Orpheus and Eurydice
Standing on flagstones of the sidewalk at the entrance to Hades
Orpheus hunched in a gust of wind
That tore at his coat, rolled past in waves of fog,
Tossed the leaves of the trees. The headlights of cars
Flared and dimmed in each succeeding wave.
He stopped at the glass-paneled door, uncertain
Whether he was strong enough for the ultimate trial.
He remembered her words: “You are a good man.”
He did not quite believe it. Lyric poets
Usually have – he knew it – cold hearts.
It is like a medical condition. Perfection in art
Is given in exchange for such an affliction.
Only her love warmed him, humanized him.
When e was with her, he thought differently about himself.
He could not fail her now, when she was dead.
He pushed open the door and found himself walking in a labyrinth,
Corridors, elevators. The livid light was not light but the dark of the earth.
Electronic dogs passed him noiselessly.
He descended many floors, a hundred, three hundred, down.
He was cold, aware that he was Nowhere.
Under thousands of frozen centuries,
On an ashy trace where generations had moldered,
In a kingdom that seemed to have no bottom and no end.
Thronging shadows surrounded him.
He recognized some of the faces.
He felt the rhythm of his blood.
He felt strongly his life with its guilt
And he was afraid to meet those to whom he had done harm.
But they had lost the ability to remember
And gave him only a glance, indifferent to all that.
For his defense he had a nine-stringed lyre.
He carried in it the music of the earth, against the abyss
That buries all the sounds in silence.
He submitted to the music, yielded
To the dictations of a song, listening with rapt attention,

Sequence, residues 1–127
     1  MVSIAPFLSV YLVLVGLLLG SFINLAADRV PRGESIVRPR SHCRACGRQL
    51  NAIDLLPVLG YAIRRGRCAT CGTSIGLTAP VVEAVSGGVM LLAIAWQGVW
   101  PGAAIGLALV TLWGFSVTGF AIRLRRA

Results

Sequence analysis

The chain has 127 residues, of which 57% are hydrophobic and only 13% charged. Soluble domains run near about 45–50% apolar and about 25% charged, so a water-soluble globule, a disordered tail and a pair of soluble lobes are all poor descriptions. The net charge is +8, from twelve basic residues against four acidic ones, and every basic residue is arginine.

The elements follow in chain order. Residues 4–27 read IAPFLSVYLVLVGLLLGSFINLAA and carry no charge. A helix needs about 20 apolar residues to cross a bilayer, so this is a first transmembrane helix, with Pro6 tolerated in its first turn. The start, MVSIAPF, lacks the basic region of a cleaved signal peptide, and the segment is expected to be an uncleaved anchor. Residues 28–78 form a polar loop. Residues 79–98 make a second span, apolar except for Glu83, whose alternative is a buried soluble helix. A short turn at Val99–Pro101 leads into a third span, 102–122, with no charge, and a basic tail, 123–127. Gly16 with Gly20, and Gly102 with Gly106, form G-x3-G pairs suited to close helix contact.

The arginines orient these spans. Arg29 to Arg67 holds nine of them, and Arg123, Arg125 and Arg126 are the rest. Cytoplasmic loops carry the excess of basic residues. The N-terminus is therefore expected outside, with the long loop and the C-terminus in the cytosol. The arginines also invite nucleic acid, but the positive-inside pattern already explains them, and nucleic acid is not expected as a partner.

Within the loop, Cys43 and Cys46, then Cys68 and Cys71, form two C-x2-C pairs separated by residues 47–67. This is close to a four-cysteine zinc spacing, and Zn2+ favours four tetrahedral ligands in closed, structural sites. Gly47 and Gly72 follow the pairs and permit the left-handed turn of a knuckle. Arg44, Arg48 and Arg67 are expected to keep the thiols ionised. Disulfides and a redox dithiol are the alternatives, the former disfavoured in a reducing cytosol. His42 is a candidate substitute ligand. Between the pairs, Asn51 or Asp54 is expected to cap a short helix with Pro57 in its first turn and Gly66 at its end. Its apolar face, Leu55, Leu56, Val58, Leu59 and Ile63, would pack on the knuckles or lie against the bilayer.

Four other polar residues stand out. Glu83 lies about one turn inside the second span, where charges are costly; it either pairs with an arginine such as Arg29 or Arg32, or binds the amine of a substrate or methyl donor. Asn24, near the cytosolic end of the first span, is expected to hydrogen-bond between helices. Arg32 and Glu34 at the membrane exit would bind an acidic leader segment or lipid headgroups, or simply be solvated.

Became, like his lyre, its instrument.
Thus he arrived at the palace of the rulers of that land.
Persephone, in her garden of withered pear and apple trees,
Black, with naked branches and verrucose twigs,
Listened from the funereal amethyst of her throne.
He sang the brightness of mornings and green rivers,
He sang of smoking water in the rose-colored daybreaks,
Of colors: cinnabar, carmine, burnt sienna, blue,
Of the delight of swimming in the sea under marble cliffs,
Of feasting on a terrace above the tumult of a fishing port,
Of the tastes of wine, olive oil, almonds, mustard, salt.
Of the flight of the swallow, the falcon,
Of a dignified flock of pelicans above a bay,
Of the scent of an armful of lilacs in summer rain,
Of his having composed his words always against death
And of having made no rhyme in praise of nothingness.
I don’t know – said the goddess – whether you loved her or not.
Yet you have come here to rescue her.
She will be returned to you. But there are conditions:
You are not permitted to speak to her, or on the journey back
To turn your head, even once, to assure yourself that she is behind you.
And so Hermes brought forth Eurydice.
Her face no longer hers, utterly gray,
Her eyelids lowered beneath the shade of her lashes.
She stepped rigidly, directed by the hand
Of her guide. Orpheus wanted so much
To call her name, to wake her from that sleep.
But he refrained, for he had accepted the conditions.
And so they set out. He first, and then, not right away,
The slap of the god’s sandals and the light patter
Of her feet fettered by her robe, as if by a shroud.
A steep climbing path phosphorized
Out of darkness like the walls of a tunnel.
He would stop and listen. But then
They stopped, too, and the echo faded.
And when he began to walk the double tapping commenced again.
Sometimes it seemed closer, sometimes more distant.
Under his faith a doubt sprang up
And entwined him like cold bindweed.
Unable to weep, he wept a the loss
Of the human hope for the resurrection of the dead,
Because he was, now, like every other mortal.
His lyre was silent, yet he dreamed, defenseless.
He knew he must have faith and he could not have faith.
And so he would persist for a very long time,
Counting his steps in a half-wakeful torpor.
Day was breaking. Shapes of rock loomed up
Under the luminous eye of the exit from underground.
It happened as he expected. He turned his head
And behind him on the path was no one.
Sun. And sky. And in the sky white clouds.
Only now everything cried to him: Eurydice!
How will I live without you, my consoling one!
But there was a fragrant scent of herbs, the low humming of bees,
And he fell asleep with his cheek on the sun-warmed earth.
(Translated by Czesław Miłosz and Robert Haas)